The de-escalation section of use of force policy 906 states:
“De-escalation techniques and tactics include, but are not limited to:
- Remaining calm and professional.
- Decreasing the exposure to the potential threat by using distance or physical barriers between an uncooperative subject and an officer.
- Engage in tactical communications including active listening. Communication with the subject should be limited to one officer at a time in order to ensure clear communication.
- Requesting and utilizing additional officers whenever necessary. If one officer is unable to build rapport with a subject, another officer may be given an opportunity to communicate with the subject whenever possible.
- Tactical positioning, repositioning and pause when necessary.
- Leveraging time by slowing down the situation:
When safe and feasible under the totality of circumstances, officers should attempt to slow down or stabilize the situation so more time, options and resources are available for incident resolution. When time and circumstances permit, officers should assess whether a person’s lack of compliance is a deliberate attempt to resist or an inability to comply based on factors including but not limited to:
- Medical conditions;
- Mental impairments;
- Developmental disability;
- Physical limitation;
- Language barrier;
- Drug interaction and/or intoxication;
- Behavior crisis; and
- Emotional response/fear.
An officer’s awareness of these possibilities shall be balanced against the facts of the incident when deciding which de-escalation and use of force options are the most appropriate to bring the situation to a safe resolution.”
In 2016, WPD began focusing on de-escalation techniques to resolve situations without the use of force by utilizing time, distance and communication. WPD has had significant success in using these techniques and diminishing, wherever possible, having to use force when dealing with those in crisis.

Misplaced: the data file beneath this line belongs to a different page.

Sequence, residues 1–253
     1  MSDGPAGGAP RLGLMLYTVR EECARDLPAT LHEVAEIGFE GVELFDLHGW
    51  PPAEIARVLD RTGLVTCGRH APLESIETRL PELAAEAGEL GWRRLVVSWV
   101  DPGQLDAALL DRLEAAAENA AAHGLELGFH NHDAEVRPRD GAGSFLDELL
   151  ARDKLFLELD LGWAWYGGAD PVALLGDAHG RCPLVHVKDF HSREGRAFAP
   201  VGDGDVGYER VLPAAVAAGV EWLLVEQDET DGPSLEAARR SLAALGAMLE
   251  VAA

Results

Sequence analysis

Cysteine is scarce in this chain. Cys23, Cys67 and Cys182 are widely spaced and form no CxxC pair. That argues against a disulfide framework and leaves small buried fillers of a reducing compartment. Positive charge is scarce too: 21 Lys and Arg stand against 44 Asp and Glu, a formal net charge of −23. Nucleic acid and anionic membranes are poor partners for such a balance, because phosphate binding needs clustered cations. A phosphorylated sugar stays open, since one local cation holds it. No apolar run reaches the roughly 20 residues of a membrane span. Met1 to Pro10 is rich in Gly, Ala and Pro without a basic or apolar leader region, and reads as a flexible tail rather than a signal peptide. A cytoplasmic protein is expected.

New officers, as well as veteran officers, are trained in de-escalation tactics. The training includes the use of active listening skills, commonly used by crisis negotiators, to de-escalate high-risk situations. WPD has ongoing training for the use of these communication techniques for all officers throughout the year.
Multiple steps have been taken over the past several years to emphasize de-escalation techniques:
- Since 2016, WPD has tripled the number of crisis negotiators with specialized training in communication and are able to assist with crises and highly volatile situations;
- Mental health training for officers is a priority. All WPD officers have received mental health training up to and including the comprehensive Crisis Intervention Team training;
- WPD has implemented de-escalation language into use-of-force policy 906.